June 9, 2021
Saving Tomorrow’s Agriculture Resources, known as STAR, was developed by the soil and water conservation district in Champaign County, Ill., in 2017 to contribute to the goals outlined in Illinois’ Nutrient Loss Reduction Strategy. Farmers who wish to participate complete a simple form listing their tillage system, nutrient management system, use of cover crops and other conservation practices on a field-by-field basis.
The application receives points for each “best management practice” implemented on that field. After using the expertise of a committee in developing a ranking system model, a summary of those points is compared to a scale of points that provide an overall STAR rating of 1 to 5 stars.
Why write about it here? Because some SWCDs in Indiana have “borrowed” the idea. It’s spreading well beyond the Illinois state line, headed east. This time, it’s a good thing moving across Indiana — it’s not a disease or pest!
Why it matters
The STAR program’s potential benefits to both farmers and landowners are numerous. It is always better to be proactive than reactive. This program will help show that the agriculture community is attempting to reduce its impact on the nation’s streams and rivers. This positive image of agriculture doing its part will hopefully stave off legislation for agriculture producers.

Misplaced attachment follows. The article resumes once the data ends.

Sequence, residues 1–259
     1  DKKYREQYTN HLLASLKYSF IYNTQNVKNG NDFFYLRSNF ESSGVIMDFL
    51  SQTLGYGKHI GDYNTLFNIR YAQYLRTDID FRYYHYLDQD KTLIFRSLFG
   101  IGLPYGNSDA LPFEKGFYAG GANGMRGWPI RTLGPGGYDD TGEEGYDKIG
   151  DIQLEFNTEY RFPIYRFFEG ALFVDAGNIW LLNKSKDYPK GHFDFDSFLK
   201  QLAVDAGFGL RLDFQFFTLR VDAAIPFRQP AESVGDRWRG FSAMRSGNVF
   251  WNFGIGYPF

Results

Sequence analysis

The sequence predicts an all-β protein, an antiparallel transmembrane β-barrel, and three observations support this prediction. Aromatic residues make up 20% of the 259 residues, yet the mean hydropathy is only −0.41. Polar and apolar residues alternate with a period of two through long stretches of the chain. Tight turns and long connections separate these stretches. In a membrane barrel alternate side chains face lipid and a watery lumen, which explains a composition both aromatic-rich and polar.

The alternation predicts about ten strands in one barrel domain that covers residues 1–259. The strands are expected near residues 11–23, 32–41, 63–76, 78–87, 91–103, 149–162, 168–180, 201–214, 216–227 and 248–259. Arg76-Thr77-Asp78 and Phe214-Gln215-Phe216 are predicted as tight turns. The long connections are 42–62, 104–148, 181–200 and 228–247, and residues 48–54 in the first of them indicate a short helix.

As carbon credits and other potential future market incentives become options for farmers, STAR will be positioned to assist producers in taking advantage. There are already grain buyers in Illinois who want farmers in the STAR program to market their grain with them. Illinois also provided a $5-per-acre reduction in crop insurance premiums for participants in the program.
Jumping state line
In 2019, the Parke/Vermillion Soil Health Alliance, in partnership with the Champaign County SWCD, introduced STAR to Indiana farmers who were interested in participating in those counties. For the 2020 crop year, 22 producers enrolled 110 fields in STAR, with an average rating of 4.
This information will allow the SWCDs to discuss with producers how to increase their ranking and the importance of the 4 R’s of nutrient management: right source, right rate, right timing, right place. They also delivered data to improve chances of future funding for nutrient management practices.
The SWCDs were also able to model the positive environmental impacts these fields have on local streams. The hope for the future is to provide additional economic opportunities for producers who are willing to implement practices such as no-till, cover crops and nutrient management systems on their farms.
In 2021, Putnam and Monroe counties will follow Parke and Vermillion counties and begin working with farmers to enroll their fields in STAR As interest increases, the plan is to cascade the program across the state. If you are interested in participating in STAR, you can contact the Parke or Vermillion County SWCDs for more information.
Farmers across the nation, involved in all forms of agriculture, need to be proactive from both an environmental and economic standpoint. Farmers taking steps along the journey of improving soil health and water quality will reap an economic benefit when they market their products.
The STAR program can be a gadget in the toolbox that will help facilitate this journey toward a better environment for all and a better economic picture for farmers.
Donovan is a district conservationist with the Natural Resources Conservation Service. He writes on behalf of the Indiana Conservation Partnership.
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